Kurt Cobain may have commit suicide 19 years ago. But you wouldn't know it after hearing Nifty Breed's new album "Keep Quiet" (out Jan. 8). It's full of Cobain style throaty vocals and distortion laden guitar crunch. This album would have been perfect back in '93. Not that it's a bad album for current times. It just has a dated quality to it.
"Bag Of Bones" kicks the album off with a heavy beat and a screaming guitar riff. It's a great opener for this album. It's dark and almost creepy in it's approach and feel. It has grunge stamped all over it, as does "Faraway Places" with it's wha wha sound and chugging riffs. I like this tune a lot. But between the vocal and guitar effects it's a busy song. Maybe too busy for it's own good. But you can't take away from the musicianship of these 4 guys.
Singer/guitarist Matty Marcus has a good voice with just enough range to carry the songs. He's not overpowering the songs or struggling to keep up. This is definitely the perfect vehicle for his style of singing and playing. The way Marcus and guitarist Alex Ainbinder play off each other is very impressive. Neither take over by showboating. They have a concise way of playing that compliments each other without going overboard. Again, it's the perfect mix for the style of music they're playing. And drummer Jordan Satargot and bass player Brian Conners are the glue that holds it all together. Nifty Breed are a tight group of well rounded players.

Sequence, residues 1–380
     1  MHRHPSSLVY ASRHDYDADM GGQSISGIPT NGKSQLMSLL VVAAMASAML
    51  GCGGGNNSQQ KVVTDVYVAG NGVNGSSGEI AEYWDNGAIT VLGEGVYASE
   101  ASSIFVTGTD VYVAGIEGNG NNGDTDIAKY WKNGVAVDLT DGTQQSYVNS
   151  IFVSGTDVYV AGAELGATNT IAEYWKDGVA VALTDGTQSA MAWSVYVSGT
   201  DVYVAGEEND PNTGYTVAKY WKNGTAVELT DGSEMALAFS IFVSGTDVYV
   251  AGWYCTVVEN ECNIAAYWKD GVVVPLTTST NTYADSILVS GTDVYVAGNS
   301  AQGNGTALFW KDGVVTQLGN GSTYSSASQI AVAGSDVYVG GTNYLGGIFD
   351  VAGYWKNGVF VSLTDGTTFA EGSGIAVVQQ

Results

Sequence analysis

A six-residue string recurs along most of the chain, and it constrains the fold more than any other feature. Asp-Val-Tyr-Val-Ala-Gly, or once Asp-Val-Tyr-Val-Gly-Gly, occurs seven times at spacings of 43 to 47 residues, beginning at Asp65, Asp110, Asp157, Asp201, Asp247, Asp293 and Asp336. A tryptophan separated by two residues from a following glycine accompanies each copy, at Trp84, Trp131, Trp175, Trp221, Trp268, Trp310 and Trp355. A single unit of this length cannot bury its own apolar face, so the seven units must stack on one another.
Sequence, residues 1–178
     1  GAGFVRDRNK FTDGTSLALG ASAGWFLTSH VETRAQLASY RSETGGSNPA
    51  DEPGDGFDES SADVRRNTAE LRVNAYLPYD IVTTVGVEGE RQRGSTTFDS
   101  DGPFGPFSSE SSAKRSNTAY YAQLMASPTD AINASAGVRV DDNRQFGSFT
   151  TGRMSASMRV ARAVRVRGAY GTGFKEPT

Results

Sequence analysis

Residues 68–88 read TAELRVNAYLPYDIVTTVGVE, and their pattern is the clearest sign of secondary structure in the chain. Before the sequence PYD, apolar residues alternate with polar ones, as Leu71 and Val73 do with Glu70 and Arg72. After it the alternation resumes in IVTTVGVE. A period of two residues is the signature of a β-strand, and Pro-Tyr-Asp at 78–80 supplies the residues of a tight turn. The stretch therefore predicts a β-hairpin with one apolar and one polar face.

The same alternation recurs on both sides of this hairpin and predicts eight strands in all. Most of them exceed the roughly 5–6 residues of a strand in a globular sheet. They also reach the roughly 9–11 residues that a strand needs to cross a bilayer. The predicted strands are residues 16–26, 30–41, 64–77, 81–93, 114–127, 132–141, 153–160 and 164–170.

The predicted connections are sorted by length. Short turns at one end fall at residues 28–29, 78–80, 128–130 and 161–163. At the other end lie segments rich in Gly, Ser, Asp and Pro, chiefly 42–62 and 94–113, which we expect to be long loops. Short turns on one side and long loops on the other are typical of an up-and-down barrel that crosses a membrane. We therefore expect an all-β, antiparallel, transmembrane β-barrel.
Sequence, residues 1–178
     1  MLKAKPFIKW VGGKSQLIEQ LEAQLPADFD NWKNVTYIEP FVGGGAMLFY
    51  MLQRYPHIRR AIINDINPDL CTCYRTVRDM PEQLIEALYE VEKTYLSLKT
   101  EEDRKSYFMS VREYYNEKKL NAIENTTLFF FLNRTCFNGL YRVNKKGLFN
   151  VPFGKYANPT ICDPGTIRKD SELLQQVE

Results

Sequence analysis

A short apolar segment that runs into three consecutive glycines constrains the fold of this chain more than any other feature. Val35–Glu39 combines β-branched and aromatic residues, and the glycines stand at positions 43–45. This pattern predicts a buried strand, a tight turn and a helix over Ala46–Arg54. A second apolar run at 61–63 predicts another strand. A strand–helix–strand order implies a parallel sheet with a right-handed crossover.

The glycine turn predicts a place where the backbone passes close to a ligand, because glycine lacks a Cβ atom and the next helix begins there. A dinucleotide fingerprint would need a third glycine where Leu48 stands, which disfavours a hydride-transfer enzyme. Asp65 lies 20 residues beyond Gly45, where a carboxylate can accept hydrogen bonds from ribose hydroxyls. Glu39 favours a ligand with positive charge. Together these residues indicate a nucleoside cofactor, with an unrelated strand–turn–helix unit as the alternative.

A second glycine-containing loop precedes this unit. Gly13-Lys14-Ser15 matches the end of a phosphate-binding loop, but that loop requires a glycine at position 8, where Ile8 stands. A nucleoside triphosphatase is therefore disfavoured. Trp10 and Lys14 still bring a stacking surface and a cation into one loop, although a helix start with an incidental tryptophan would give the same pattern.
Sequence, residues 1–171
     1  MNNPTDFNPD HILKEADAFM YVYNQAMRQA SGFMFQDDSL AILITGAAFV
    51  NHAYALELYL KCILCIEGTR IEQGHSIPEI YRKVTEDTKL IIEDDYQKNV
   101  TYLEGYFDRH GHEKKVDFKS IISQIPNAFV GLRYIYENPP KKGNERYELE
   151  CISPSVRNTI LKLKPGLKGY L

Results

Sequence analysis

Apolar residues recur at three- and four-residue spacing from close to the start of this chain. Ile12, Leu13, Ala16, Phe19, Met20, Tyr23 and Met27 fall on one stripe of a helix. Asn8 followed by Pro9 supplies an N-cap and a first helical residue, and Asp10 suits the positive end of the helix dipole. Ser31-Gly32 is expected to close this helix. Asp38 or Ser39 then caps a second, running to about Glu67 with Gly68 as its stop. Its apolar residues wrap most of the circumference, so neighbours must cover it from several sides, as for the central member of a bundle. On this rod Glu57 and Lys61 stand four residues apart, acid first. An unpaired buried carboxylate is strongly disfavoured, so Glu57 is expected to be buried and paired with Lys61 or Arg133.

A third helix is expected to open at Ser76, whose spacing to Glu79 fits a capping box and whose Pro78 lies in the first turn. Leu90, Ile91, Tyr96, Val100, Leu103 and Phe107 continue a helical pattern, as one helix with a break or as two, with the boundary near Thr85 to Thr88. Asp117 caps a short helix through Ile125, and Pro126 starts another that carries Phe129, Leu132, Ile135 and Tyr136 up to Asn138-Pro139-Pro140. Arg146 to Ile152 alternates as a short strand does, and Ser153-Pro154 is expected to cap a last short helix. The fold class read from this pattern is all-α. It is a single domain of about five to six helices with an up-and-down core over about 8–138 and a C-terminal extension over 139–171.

You can hear the bands musical influences on songs like "Pins & Needles" and "Bug Spray". This band must have ate up mass amounts of Nirvana and Silverchair in their youth. The bite, power and passion come through in the songs and lyrics. Keep Quiet isn't a bad record if you're wanting to revisit a time long since passed, when wearing your heart on your sleeve and the less is more style of playing actually meant something. Like I said earlier, this would have been a perfect album back in the early 90's. But who knows....like Nirvana before them, this may be the kick in the ass the music industry NEEDS right now. If there was one album that would open the doors to quality music and close the door on shitty teen pop and pre packaged boy bands, this would be the album to do it.
4 / 5 stars